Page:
In this episode Brian, Ginger, Suzi and Woody discuss the ways that gaming creates community and friendship. We have discussed this topic a few times in the past, but this time around its probably more personal.
In this episode we discuss the challenges of adapting play therapy and game therapy to the social milieu of evidence based practice. We also discuss games that are easily usable in building a therapeutic gaming practice. In all honesty,
In this episode we get the opportunity to hear from Jack Berkenstock about his work in the Bodhana group. Together we talk about the therapeutic use of all sorts of games, the state of gaming as a tool for therapeutic growth, and many other areas.
In 100 years, none of this will matter. At Geek Therapy we are fond of saying media matters, and it does, but it is perhaps a temporary state of being that finds meaning in those things we consume. We self identify often with what we own.
In this episode, Ginger, Brian, Suzi and Woody share their experience of Dicetower Con 2019. We discuss our favorite experiences, games played, and moments that rolled for change.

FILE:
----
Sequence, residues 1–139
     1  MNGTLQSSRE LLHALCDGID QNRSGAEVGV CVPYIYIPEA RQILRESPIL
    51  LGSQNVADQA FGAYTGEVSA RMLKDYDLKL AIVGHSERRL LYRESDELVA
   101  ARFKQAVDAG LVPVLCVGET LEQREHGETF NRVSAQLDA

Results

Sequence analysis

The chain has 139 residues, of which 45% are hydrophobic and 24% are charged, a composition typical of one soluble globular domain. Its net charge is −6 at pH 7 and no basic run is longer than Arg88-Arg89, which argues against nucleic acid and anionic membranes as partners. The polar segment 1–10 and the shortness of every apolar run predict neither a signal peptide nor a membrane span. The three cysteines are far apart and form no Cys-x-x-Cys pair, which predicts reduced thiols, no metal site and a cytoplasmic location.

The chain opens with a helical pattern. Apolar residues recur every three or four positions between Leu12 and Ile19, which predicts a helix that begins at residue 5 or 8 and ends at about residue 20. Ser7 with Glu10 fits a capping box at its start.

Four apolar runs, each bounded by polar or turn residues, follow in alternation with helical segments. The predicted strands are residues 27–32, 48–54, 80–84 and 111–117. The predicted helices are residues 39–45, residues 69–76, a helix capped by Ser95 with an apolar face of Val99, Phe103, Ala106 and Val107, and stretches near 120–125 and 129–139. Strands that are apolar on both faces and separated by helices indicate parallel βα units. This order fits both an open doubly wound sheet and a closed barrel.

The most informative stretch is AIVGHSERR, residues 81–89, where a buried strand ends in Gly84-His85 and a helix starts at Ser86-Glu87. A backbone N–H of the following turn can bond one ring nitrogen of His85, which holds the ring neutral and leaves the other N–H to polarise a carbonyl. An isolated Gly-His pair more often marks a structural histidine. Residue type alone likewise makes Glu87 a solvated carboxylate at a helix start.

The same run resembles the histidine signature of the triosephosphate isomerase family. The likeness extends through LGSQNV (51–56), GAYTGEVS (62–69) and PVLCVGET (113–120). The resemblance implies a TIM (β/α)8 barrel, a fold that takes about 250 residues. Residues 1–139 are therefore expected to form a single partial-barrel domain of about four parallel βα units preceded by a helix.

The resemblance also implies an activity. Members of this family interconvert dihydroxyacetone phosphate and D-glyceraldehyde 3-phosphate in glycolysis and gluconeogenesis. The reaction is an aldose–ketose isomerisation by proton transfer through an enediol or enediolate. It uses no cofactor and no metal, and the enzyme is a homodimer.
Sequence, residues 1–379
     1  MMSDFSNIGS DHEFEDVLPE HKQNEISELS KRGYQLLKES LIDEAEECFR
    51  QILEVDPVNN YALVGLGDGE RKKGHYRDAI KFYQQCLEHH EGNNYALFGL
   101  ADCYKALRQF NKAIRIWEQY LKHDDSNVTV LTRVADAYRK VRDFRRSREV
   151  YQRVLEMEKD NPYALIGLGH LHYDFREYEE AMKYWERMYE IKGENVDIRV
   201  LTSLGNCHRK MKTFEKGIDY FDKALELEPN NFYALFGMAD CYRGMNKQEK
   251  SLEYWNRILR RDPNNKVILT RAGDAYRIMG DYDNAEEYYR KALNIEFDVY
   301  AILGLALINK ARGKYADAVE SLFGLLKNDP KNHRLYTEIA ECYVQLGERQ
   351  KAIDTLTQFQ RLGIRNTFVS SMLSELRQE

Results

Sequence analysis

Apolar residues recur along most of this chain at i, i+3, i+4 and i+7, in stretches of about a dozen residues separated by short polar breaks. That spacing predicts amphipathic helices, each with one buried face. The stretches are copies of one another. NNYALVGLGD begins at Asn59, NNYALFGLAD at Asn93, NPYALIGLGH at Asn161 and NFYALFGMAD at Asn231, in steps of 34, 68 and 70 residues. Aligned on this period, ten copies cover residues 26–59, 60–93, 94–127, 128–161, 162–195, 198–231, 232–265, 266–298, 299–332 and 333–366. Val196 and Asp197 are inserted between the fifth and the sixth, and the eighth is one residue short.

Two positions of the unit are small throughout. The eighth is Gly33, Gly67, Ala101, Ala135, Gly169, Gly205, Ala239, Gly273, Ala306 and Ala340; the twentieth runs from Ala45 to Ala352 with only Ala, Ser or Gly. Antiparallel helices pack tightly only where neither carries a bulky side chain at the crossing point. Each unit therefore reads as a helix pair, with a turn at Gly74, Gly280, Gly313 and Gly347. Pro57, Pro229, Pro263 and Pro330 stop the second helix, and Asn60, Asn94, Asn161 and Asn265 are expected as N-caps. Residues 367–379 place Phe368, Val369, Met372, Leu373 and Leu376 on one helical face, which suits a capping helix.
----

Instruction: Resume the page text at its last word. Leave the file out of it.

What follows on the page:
The game One Child’s Heart is a role playing game in which players take on the role of community professionals attempting to provide support to traumatized children. While this may not sound like a fun RPG to engage with,
In this episode of Rolling for Change, Brian, Ginger, Suzi and Woody discuss the nature of self talk in gaming and the role it can play in sapping our energy and bringing down our gaming experience. They also suggest ways to mitigate this experience,
In this episode of Rolling for Change we talk to Adam Davis and Adam Johns, founders of Game to Grow. We will be discussing the evolution of therapeutic role playing and also the launch of their first Kickstarter “Critical Core” We had a great discussi…
Have you ever noticed how many times games show up in the media we watch. Its actually overwhelming. After recording this episode I became hyper aware of all of the times games are presented in media. As a culture we rarely talk about why they are ther…